Darius Kellner has never fit in. His mom is Iranian. His dad is white. He doesn’t really speak Farsi, but his little sister, Laleh, does. He’s into Star Trek, Lord of the Rings, and tea. Not many people at his high school in Portland, Oregon, share those interests. He also has depression, which doesn’t make anything easier.
When his family goes on a trip to Iran, Darius is introduced not only to family members he’s never met (including his grandparents) but also to the boy down the street, Sohrab, who will become his first best friend.
Darius the Great Is Not Okay, by debut author Adib Khorram, is a wonderful story about learning and accepting who you are and where you come from, and how to connect with the people who matter. It’s a heartwarming tale about friendship and family. It’s also a look at another culture that many listeners may not be familiar with. Khorram creates a vibrant picture of Iran—its people, its food, and its history.
In his guest author post below, author Adib Khorram shares the importance of language, and the challenges of using Farsi in the novel and finding the perfect narrator. Plus, the audiobook producer weighs in on the casting process of this fantastic production!
It should surprise no one that Darius the Great Is Not Okay is filled with Farsi, the language of Iran. But the narrator, Darius Kellner, an Iranian-American teenager, barely speaks or understands it. He knows plenty of food words and enough politeness phrases to get by, but by and large the language is a mystery to him. His little sister, Laleh, speaks it more or less fluently, but Darius missed out on being taught as he was growing up.
When he and his family arrive in Iran, that lack of language sets him apart—even as it presents an opportunity for him to learn and connect with his grandparents, his new friend Sohrab, and his heritage.
Much like Darius, I grew up knowing very little Farsi. Now that I’m an adult, I know a little more, but it’s far from conversational. I can’t string a phrase together to save my life, or follow the thread of a conversation, but I know just enough that I can sometimes tell what in general is being discussed.
When I first started writing Darius the Great Is Not Okay, I knew fairly early on that Darius’s own Farsi skills and insecurities would mirror my own. Not so much because I wanted Darius to be like me, but because my own experience with language reflected that of so many other children of diaspora. I’ve had friends and classmates from across the globe, first- and second-generation Americans who had a complicated relationship to their mother- or father-tongue, who felt less-than or not-quite because they couldn’t speak the language that so much of their family could.
I’m not the only one who had to communicate with their grandparents through a family member translating. I’m not the only one who missed out on jokes or stories because they were impossible to translate. I’m not the only one who felt just a little bit left out of things.
When it came time to bring Darius to life in audiobook form, I wasn’t entirely sure what to expect. I’d been told I’d get some input in casting, but beyond that, would I be able to offer advice on the language in the book? Was I even qualified to do so?
Was the language as important as getting the characters right? Is it even possible to divorce the two?Thankfully, I didn’t have to make that choice. Narrator Michael Levi Harris breathed life into Darius in a way that startled and amazed me, but he also displayed a way with Farsi that made me confident the audiobook would be a faithful adaptation not only of Darius’s internal life, but of his family life.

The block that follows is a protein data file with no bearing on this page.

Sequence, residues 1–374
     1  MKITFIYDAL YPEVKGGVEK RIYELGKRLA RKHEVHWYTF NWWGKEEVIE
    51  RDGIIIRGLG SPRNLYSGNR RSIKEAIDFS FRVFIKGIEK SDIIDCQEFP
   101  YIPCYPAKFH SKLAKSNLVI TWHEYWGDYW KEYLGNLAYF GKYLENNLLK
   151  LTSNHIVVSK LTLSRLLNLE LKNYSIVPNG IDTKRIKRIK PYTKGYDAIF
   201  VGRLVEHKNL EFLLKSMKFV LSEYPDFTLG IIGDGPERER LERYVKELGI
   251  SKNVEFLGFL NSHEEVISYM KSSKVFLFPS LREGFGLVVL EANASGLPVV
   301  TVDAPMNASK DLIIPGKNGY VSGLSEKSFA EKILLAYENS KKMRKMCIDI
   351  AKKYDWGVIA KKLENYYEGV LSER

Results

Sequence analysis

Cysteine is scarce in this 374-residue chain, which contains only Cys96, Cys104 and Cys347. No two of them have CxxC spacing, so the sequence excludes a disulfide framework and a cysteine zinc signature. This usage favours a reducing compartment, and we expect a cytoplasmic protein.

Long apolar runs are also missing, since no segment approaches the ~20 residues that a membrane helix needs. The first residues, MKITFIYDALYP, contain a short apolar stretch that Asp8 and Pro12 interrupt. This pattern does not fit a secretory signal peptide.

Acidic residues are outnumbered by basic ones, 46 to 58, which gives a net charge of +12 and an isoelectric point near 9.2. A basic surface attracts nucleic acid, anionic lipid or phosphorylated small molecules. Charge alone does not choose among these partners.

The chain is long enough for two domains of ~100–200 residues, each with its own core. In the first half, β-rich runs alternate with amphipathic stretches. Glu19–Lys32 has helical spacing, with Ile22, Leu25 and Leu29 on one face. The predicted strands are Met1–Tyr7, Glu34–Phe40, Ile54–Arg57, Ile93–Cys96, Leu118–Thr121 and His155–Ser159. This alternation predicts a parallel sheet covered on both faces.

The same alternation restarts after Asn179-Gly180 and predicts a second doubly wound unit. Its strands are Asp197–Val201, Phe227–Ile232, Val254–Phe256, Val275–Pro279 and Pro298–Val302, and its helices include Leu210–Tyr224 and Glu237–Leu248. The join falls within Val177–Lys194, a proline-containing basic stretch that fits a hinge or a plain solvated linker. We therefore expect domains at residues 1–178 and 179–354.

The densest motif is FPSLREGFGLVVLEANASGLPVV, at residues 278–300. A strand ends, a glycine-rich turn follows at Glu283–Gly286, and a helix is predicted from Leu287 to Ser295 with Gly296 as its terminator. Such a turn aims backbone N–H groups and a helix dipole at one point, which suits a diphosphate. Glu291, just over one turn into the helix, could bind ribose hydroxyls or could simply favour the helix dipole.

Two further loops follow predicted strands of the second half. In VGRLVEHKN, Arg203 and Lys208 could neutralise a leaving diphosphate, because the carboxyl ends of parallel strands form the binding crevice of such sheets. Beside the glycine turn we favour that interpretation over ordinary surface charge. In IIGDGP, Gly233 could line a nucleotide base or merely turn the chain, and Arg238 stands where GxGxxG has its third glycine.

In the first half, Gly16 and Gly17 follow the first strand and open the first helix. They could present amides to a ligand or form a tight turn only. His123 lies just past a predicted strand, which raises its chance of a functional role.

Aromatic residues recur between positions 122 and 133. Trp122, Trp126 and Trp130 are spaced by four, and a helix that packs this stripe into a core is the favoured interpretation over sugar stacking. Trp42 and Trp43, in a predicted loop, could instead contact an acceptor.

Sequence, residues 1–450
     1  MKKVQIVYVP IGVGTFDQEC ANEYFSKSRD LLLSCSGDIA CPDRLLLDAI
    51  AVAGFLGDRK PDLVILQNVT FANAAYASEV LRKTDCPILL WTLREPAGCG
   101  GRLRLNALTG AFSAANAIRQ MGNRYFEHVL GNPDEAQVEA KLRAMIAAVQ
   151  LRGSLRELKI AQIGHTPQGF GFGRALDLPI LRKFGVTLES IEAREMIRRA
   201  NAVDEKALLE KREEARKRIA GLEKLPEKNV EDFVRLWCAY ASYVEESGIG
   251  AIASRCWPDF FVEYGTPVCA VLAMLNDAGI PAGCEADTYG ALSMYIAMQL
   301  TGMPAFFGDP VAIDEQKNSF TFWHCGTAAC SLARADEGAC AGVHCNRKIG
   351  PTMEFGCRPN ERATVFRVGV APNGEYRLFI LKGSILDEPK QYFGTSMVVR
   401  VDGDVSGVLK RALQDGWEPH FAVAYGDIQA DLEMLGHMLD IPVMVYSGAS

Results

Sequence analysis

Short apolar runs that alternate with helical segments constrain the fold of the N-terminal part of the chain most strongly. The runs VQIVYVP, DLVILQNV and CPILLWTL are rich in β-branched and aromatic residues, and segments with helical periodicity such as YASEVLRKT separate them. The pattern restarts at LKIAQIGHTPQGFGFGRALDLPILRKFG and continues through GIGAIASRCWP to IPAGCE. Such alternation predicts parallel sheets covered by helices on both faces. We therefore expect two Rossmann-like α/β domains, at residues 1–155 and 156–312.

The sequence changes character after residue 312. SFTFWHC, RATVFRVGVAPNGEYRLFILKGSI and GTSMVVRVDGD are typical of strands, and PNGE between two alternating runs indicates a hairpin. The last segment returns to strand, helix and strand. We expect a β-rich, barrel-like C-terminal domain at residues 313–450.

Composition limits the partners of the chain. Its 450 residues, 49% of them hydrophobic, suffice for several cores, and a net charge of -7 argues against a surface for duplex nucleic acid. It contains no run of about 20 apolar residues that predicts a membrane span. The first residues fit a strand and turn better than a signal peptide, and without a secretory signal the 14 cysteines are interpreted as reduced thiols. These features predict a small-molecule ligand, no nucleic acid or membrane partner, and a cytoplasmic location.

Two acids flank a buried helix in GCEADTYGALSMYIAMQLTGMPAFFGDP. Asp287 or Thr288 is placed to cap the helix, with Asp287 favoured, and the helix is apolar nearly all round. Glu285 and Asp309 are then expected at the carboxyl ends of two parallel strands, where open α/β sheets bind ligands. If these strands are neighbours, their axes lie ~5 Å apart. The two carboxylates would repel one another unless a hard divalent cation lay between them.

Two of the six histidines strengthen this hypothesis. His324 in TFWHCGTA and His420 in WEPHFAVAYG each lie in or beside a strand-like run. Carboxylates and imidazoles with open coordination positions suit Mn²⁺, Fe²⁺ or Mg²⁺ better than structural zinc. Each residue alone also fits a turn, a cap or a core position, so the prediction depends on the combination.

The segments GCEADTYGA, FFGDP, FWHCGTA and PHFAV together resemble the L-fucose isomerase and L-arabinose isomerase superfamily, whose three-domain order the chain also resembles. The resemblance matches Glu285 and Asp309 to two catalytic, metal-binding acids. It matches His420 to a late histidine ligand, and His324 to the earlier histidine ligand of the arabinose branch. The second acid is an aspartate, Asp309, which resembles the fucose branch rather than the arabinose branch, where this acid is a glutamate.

And to make sure the adaptation was as accurate as possible, I even got to record pronunciations for it. Yazd, where Darius’s family (and indeed my own) is from, is known for having a somewhat idiomatic Farsi accent.
Suddenly I was in charge of speaking so many words that I’d never truly spoken aloud before. Of course I knew them: I’d written them, I’d heard them spoken, I’d called my father up and made sure I was rendering the phonetics accurately. But I’d never felt them on my own lips.
It’s a strange thing to feel your own heritage coming to life. To speak the same words your family has spoken.
In a wonderful and unexpected way, working on the Darius audiobook brought me closer to my own linguistic heritage.
I still don’t speak Farsi very well at all. But maybe I speak it a little better. Maybe I learned a little bit.
And maybe that’s the most rewarding part of it all.
Producer Aaron Blank on how he cast Darius the Great Is Not Okay:
Darius the Great could have been a simple book to cast. It’s not hard to find actors who sound like a teenager. But when you need that actor to also sound authentically Persian when he and his family go to Iran, then things get complicated. I had thought I’d find an actor with those skills in LA, as it is home to the largest Persian population outside of Iran. No luck at all. I put out a call to some casting agents here in NYC, and one came through. Michael Levi Harris is an American ex-pat who lives in London. He’s a polyglot, and if he doesn’t speak the language he can perform the accent. And Persian is one of his talents. Who knew I’d find my perfect voice in the UK!
Listen to a clip and learn more:
“Darius is a well-crafted, awkward but endearing character, and his cross-cultural story will inspire reflection about identity and belonging.” –School Library Journal, starred review
“This is a refreshing bildungsroman and an admirable debut novel that will leave readers wanting more.” –Booklist
“Khorram’s debut novel is filled with insight into the lives of teens, weaving together the reality of living with mental illness while also dealing with identity and immigration politics.” –Kirkus Reviews, starred review